You can read Mr. Catton’s article in its entirety on the American Heritage website at:


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3 Responses to A Civil War historian’s take on the Great Reunion

  1. Jeff Fiddler says:

    The Lynching Calendar: 1900-1939 – Autopsis.org

    Catton was not a bigot – I’ve known people who knew him quite well. But he managed to write many books on the War of the Rebellion hardly ever mentioning Black people, slaves, slaveholders, and so forth.
    So in 1912 64 men were lynched, in 1913 51 were lynched and of course the whole country was segregated to varying degrees.
    Was the “Civil War over?” Not by a long shot IMHO.

    I can also add that both in 1913 and 1937 there were many GAR and UCV posts that did NOT want to participate in the Reunion(s).. You have to go thru the GAR annual meeting votes to see that the GAR had to make it a personal decision to participate, not a post decision.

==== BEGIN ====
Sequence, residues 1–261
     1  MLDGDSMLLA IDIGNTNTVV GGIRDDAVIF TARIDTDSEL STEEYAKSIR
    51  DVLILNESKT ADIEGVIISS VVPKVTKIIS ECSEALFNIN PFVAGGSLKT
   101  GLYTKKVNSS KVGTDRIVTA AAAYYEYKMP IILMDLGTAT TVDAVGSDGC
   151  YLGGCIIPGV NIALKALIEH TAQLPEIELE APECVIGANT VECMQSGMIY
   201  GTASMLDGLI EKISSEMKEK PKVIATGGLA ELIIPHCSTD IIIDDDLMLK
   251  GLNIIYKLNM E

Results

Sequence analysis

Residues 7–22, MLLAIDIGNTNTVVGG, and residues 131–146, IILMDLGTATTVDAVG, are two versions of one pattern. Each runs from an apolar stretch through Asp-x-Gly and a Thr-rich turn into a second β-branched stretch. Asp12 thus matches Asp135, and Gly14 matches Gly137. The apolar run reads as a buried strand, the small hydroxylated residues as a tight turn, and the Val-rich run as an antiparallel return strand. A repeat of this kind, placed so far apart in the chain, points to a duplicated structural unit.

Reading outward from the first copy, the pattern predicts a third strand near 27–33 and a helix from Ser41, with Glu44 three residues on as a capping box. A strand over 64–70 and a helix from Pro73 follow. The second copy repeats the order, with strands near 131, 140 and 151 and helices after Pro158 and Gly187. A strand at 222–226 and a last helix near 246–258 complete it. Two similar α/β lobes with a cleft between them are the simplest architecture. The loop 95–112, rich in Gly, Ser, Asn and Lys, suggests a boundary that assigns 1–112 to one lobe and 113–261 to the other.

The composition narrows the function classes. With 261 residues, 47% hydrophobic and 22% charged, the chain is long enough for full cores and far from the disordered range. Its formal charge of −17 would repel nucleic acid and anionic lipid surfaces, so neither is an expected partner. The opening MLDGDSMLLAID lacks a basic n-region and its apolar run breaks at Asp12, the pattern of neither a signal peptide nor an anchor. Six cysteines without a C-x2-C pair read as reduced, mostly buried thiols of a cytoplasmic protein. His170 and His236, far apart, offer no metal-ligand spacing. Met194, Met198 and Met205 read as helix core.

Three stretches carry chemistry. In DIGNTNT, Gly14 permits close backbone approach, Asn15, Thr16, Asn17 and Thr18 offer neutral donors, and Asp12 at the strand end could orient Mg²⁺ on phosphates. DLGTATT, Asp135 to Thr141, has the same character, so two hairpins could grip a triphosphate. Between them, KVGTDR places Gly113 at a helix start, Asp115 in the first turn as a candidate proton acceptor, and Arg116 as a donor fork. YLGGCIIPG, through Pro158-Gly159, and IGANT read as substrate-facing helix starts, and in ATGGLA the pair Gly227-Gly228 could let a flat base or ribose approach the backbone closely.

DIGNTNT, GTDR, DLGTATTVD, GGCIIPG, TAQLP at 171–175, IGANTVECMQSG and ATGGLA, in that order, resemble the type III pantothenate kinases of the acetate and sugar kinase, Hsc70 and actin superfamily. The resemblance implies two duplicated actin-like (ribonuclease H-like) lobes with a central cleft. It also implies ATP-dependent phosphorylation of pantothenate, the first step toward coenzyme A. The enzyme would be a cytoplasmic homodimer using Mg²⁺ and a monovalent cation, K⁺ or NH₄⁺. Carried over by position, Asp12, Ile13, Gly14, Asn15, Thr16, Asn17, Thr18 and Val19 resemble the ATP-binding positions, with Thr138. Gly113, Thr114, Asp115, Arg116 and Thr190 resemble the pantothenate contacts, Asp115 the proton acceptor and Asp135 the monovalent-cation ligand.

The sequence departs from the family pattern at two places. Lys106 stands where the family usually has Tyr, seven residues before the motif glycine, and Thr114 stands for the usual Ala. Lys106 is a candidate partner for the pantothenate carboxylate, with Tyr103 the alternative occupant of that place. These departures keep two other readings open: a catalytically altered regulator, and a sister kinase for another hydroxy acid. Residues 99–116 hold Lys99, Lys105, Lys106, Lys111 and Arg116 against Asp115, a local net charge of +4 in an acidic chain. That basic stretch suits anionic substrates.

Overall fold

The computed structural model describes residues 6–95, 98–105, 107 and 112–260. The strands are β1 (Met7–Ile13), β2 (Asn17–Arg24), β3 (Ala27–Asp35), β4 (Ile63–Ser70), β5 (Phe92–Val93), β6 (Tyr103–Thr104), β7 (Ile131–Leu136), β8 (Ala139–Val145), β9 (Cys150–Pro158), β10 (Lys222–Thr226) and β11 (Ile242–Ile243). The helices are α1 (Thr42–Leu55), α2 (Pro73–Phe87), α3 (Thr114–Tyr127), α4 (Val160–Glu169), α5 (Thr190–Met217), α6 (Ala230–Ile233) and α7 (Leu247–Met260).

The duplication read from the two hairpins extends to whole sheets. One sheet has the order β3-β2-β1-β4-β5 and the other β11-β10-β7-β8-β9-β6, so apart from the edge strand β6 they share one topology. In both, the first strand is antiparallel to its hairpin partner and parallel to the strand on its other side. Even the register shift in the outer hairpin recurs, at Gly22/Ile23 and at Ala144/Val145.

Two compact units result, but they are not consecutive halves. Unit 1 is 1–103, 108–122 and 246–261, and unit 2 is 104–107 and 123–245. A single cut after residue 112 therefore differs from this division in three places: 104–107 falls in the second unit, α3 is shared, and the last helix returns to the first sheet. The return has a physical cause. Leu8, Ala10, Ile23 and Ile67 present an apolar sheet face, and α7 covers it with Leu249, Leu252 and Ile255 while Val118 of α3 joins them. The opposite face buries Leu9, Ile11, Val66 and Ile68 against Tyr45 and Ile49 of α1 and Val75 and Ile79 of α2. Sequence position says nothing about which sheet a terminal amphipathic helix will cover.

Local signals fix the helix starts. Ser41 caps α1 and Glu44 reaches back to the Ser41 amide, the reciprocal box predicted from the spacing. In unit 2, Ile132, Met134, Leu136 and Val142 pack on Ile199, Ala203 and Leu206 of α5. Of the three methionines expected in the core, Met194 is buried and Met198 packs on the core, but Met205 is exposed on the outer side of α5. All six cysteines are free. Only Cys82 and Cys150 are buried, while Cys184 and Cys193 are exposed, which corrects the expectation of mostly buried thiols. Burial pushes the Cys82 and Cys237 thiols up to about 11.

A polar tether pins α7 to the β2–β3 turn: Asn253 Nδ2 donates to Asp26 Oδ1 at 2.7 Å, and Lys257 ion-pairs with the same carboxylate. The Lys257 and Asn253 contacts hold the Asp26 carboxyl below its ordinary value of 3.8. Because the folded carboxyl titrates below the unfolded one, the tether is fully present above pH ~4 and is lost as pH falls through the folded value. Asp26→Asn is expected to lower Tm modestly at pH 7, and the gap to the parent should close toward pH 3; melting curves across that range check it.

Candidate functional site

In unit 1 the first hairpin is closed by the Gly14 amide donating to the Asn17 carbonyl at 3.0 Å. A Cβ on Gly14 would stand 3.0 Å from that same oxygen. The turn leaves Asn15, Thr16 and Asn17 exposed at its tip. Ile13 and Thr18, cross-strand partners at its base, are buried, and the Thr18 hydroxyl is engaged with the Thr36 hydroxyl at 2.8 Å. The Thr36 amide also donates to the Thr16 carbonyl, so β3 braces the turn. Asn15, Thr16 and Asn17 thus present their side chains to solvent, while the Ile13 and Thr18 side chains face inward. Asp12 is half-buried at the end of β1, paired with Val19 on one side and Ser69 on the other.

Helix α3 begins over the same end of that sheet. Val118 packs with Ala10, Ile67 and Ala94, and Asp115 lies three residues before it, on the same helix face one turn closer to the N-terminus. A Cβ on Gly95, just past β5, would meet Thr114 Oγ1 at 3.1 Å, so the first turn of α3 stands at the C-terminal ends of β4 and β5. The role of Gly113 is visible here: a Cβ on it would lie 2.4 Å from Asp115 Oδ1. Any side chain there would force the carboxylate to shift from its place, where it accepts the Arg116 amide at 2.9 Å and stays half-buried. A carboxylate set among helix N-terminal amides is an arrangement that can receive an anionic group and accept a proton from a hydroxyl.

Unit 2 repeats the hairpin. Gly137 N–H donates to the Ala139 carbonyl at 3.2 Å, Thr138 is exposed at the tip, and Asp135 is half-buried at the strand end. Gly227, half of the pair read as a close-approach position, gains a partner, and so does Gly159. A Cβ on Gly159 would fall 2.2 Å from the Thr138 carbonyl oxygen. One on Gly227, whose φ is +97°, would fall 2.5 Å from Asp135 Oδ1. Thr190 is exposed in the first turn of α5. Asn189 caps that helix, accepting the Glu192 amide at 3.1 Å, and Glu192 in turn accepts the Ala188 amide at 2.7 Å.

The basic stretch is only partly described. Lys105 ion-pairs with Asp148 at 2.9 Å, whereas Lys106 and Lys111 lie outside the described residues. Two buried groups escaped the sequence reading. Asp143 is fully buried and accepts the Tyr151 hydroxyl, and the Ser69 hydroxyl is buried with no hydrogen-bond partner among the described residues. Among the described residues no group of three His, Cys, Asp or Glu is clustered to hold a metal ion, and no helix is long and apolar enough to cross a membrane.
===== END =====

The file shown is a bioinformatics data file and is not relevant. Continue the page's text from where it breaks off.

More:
I love your idea of spreading the stories, photos, film, etc about the Great Reunion(s). I have the pamphlets on the ’37 reunion.
    There were a few Black, USCT vets at the 75th Reunion. Were there ANY at the 1913 reunion?


  2. Hi Jeff – thanks very much for adding a comment to the blog and this posting in particular. I think Bruce Catton’s “The Civil War was over” line, the final one in that article (and perhaps the final one he ever wrote given his death not long afterwards), was simply a matter of dramatic effect to accentuate the theme of his article.

    Speaking as a writer, there’s an ingrained part of us where many times as we are crafting paragraphs and painting a picture we naturally gravitate towards a simple but dramatic (maybe even overly dramatic) 4- or 5-word sentence to cap the point we’re trying to make. This is true whether we are writing fiction or (as in Mr. Catton’s case) non-fiction. By coincidence, just earlier this afternoon I was browsing through a short non-fiction work that I wrote late last year about my own memories of watching Roberto Clemente when I was growing up in Pittsburgh and his tragic death just over 40 years ago. I wrote the equivalent to Mr. Catton’s “The Civil War was over” line at the very end of almost every single chapter and I remember as I was doing the writing, I was very consciously steering the flow and tone of the sentences to be able to deliver those “punchlines.”